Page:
Neglected planters on Redbridge’s high streets will be taken away “as soon as possible” due to a lack of volunteers and funding to maintain them.

During the pandemic, the Government funded more than a hundred railing and floor planters across the borough to welcome residents back to the high street.

But funding has now dried up, with only 60 rail planters and 14 floor planters being adopted by the local community or businesses as of May this year.

At the council’s place scrutiny committee on June 29, operational director of civic pride Sarah Foster confirmed the council will soon start removing planters containing dead flowers as “they don’t look great”.

Councillor Sadiq Kothia said residents have given him “mixed feedback”, with some objecting to being asked to sponsor planters because “the money ran out and now the problem is being passed on to residents”.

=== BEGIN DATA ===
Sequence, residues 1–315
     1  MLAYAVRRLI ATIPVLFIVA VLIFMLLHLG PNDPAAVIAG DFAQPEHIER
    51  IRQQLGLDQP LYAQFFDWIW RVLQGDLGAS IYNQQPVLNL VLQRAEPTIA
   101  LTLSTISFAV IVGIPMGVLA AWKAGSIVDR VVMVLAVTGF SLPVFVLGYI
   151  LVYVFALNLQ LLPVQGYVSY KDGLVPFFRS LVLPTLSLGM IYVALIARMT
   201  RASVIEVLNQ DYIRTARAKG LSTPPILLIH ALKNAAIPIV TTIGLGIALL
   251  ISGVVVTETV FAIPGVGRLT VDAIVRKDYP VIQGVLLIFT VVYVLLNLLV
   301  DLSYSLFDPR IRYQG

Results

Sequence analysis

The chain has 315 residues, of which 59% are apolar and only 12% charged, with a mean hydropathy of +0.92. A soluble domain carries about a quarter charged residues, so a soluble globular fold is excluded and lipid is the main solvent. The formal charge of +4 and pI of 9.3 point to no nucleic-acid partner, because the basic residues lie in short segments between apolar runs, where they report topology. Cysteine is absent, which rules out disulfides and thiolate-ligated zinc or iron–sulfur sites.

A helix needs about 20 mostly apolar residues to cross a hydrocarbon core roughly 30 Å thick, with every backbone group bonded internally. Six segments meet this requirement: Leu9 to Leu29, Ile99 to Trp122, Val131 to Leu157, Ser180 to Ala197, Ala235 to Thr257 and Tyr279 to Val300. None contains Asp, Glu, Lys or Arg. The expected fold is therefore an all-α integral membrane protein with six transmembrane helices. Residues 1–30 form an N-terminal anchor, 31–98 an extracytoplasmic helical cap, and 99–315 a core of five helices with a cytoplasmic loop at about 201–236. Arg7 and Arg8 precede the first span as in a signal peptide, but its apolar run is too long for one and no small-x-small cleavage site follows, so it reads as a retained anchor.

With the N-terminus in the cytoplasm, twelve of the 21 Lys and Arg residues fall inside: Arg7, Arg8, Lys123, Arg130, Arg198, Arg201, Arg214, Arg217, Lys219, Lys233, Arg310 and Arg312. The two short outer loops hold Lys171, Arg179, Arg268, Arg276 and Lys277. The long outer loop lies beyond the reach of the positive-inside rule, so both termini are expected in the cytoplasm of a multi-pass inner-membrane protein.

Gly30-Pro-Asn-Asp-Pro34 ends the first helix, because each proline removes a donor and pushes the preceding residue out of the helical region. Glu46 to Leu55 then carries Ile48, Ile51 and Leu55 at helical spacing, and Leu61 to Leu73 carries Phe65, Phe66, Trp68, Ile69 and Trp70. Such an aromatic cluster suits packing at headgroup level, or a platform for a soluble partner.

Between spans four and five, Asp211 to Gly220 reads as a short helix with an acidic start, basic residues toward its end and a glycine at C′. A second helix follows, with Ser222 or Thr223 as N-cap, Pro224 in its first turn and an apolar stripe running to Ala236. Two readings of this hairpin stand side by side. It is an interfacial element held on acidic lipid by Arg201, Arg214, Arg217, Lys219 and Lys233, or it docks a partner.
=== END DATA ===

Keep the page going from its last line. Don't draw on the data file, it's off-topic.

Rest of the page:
Foster said getting businesses to sponsor flower pots “didn’t prove too popular” but that accepting government funding was still “the right thing to do”.

She added: “It has welcomed people back to the high streets, so it’s achieved its goal in terms of spreading green across the borough.”

Residents and businesses can still adopt or sponsor local planters by visiting this link:

Other parts of Redbridge’s green urban landscape policy (GULP) have been more successful, although funding remains a challenge with only £158,000 left for building and maintenance projects until April 2023.

The GULP action plan for the 2021-2024 shows 15,200 trees were planted on council land in 2021/22, including 587 replacement highway trees and 500 fruit trees given to residents.

Much of the highways’ grassy areas have been turned into ‘grow zones’ that are only cut twice a year.

The council also hopes to find residents who will ’adopt’ weeding duty on their roads to reduce the need for pesticides that slow growth.